Oral verruciform xanthoma (OVX) is an uncommon benign lesion that is characterized histologically by the accumulation of several foamy macrophages in the lamina propria papillae. The pathogenesis of OVX has not been completely elucidated, although the significance of macrophage polarization (M1, tumor suppression; [...] Read more.
Oral verruciform xanthoma (OVX) is an uncommon benign lesion that is characterized histologically by the accumulation of several foamy macrophages in the lamina propria papillae. The pathogenesis of OVX has not been completely elucidated, although the significance of macrophage polarization (M1, tumor suppression; and M2, tumor promotion) and the contribution of M2 macrophages to angiogenesis are well established. This study investigated the role of foamy macrophages in OVX, with a focus on angiogenesis. Four patients who underwent surgical excision or total excisional biopsy for OVXs were enrolled in this study. We evaluated the expression of the macrophage markers CD68 (broad) and CD163 (M2) and the CD34-positive microvessel density (MVD) of OVXs. The foamy macrophages of all patients exhibited positivity to CD68 and CD163. We evaluated the MVD and the expression of the vascular endothelial growth factor (VEGF) based on histological architecture. The MVD of all OVX cases was significantly higher than that of the corresponding normal epithelia. Interestingly, the MVD of verrucous-type OVX cases was higher than that of the other type. VEGF was expressed on foamy macrophages in all cases. Overall, the foamy macrophages expressing CD163 were associated with the morphogenesis of OVX through the process of angiogenesis by VEGF expression. Full article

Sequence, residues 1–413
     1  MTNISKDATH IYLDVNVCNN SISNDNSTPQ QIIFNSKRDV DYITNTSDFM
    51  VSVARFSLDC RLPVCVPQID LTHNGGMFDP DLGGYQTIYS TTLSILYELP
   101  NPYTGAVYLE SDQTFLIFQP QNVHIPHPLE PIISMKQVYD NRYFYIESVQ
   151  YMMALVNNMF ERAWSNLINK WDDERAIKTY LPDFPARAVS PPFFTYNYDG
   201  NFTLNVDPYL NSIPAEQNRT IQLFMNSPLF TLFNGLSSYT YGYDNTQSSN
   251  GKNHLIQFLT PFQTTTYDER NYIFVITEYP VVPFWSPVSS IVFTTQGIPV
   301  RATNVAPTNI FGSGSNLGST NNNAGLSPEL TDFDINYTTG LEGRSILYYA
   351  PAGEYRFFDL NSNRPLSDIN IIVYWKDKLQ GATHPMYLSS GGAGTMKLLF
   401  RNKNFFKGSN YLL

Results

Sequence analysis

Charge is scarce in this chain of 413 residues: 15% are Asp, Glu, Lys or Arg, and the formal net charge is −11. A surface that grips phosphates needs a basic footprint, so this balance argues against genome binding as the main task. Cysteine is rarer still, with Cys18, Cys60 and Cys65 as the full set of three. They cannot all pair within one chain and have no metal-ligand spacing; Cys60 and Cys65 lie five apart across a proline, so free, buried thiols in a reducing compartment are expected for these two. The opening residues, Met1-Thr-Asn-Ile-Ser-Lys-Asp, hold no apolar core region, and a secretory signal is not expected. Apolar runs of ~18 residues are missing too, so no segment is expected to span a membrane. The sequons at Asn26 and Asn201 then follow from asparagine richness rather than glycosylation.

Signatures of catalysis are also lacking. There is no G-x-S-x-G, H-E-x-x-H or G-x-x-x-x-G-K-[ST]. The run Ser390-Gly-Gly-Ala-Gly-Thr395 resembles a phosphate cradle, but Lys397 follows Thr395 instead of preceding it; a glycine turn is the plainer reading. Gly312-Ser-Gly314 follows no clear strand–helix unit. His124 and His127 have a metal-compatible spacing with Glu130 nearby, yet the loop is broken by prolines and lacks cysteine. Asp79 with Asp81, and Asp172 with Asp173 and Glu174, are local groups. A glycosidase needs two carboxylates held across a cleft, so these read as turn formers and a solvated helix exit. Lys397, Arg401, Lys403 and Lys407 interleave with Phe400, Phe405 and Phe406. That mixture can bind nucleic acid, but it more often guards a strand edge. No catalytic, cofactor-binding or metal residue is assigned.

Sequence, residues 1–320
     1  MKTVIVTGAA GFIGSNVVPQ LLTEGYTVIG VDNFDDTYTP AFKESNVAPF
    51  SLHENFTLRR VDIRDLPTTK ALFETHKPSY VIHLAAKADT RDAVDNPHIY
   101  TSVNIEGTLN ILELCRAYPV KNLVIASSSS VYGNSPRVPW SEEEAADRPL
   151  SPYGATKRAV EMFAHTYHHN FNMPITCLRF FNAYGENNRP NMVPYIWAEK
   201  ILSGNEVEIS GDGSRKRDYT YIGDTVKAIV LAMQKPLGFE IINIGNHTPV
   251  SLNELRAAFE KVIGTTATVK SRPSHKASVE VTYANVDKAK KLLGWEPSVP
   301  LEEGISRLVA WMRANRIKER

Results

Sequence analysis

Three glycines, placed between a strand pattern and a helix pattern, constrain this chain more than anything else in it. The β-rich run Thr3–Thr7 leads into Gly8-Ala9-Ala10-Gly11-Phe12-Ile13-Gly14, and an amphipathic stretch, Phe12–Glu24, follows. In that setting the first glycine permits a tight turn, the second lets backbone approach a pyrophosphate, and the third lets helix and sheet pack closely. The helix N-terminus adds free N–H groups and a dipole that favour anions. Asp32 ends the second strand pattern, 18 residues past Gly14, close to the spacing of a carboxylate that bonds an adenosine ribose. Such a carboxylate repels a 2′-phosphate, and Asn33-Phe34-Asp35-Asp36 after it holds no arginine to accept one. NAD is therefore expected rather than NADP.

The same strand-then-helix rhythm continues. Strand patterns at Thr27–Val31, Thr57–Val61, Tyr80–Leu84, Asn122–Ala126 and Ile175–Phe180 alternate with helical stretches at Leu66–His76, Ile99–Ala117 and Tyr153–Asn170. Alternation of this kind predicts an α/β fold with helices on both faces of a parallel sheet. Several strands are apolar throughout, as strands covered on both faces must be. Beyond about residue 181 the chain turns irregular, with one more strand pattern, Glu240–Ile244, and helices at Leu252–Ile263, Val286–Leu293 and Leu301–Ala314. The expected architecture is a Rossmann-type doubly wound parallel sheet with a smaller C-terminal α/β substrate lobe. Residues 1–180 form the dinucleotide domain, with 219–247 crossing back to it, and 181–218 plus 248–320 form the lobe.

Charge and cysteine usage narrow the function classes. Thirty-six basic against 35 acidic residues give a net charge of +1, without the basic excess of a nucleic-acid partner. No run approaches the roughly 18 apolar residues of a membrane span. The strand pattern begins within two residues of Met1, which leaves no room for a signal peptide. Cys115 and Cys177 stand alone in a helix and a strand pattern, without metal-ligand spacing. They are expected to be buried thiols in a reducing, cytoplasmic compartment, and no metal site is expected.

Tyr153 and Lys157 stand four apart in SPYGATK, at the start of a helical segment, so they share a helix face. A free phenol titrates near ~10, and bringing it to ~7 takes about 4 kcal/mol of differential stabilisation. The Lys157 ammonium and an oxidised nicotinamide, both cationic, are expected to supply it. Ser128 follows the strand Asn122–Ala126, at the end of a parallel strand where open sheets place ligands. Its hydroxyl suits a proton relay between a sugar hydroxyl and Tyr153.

(This article belongs to the Special Issue Oral and Maxillofacial Surgery)
Show Figures

Figure 1

Article
Use of an Oral Device in the Stabilization of Facial Advancement after Early Removal of the Osteodistraction Device for Postoperative Sequelae
Dent. J. 2020, 8(1), 12; https://doi.org/10.3390/dj8010012 - 19 Jan 2020
Viewed by 1287
Abstract
The aim of this study is to present an oral device that improves splanchnocranium stability after osteodistraction in children treated for correction of craniofacial malformations. When removal of the distraction device before the end of the treatment is necessary, the reposition of a [...] Read more.
The aim of this study is to present an oral device that improves splanchnocranium stability after osteodistraction in children treated for correction of craniofacial malformations. When removal of the distraction device before the end of the treatment is necessary, the reposition of a new fixation system might not be possible. In these cases, regrown bone is immature, and relapse of malformation occurs frequently. We have been treating these cases by the application of an oral device named Maxillary Advancement Contention (MAC). MAC is used in every patient when any complication interrupts the protocol of osteodistraction before the end of the stabilization time. The device is placed immediately after the removal of the distraction device and left in place for at least three months. We used MAC in six children surgically treated for correction of craniosynostosis with facial or craniofacial advancement. To establish the relapse of malformation we analyzed relations Sella-Nasion-Orbitale (SNOr) and Sella-Nasion-A point (SNA) angles before application of the MAC and after one year. The analysis of stability was excellent in every patient. This device might help, with a minimally invasive procedure, to maintain the obtained advancement allowing stabilization of the regrown bone. Full article
(This article belongs to the Special Issue Oral and Maxillofacial Surgery)
Show Figures

Figure 1

Back to TopTop